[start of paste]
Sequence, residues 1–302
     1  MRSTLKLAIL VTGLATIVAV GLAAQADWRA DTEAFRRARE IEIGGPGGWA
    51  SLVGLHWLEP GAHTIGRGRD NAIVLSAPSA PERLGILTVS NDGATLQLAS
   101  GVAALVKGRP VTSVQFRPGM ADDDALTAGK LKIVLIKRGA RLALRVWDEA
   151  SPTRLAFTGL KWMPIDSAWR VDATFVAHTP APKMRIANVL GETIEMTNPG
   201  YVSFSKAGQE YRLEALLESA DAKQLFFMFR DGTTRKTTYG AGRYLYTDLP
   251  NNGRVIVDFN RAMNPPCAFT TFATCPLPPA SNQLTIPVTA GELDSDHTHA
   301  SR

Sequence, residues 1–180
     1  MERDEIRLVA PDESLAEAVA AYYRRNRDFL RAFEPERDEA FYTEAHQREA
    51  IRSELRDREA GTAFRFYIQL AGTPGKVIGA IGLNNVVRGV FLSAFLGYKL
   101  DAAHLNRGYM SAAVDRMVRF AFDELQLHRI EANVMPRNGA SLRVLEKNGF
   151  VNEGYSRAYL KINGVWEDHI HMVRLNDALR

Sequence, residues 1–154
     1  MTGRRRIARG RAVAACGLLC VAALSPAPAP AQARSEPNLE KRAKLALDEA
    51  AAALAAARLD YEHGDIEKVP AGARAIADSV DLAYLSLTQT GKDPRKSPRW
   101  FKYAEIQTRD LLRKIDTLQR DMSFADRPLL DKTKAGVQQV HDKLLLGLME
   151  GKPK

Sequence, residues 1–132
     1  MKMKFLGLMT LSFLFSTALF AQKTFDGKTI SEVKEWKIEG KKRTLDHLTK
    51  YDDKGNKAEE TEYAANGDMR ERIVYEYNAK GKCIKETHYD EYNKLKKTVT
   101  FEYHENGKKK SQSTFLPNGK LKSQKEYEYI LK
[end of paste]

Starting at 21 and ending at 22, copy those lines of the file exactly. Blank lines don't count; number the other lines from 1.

    51  YDDKGNKAEE TEYAANGDMR ERIVYEYNAK GKCIKETHYD EYNKLKKTVT
   101  FEYHENGKKK SQSTFLPNGK LKSQKEYEYI LK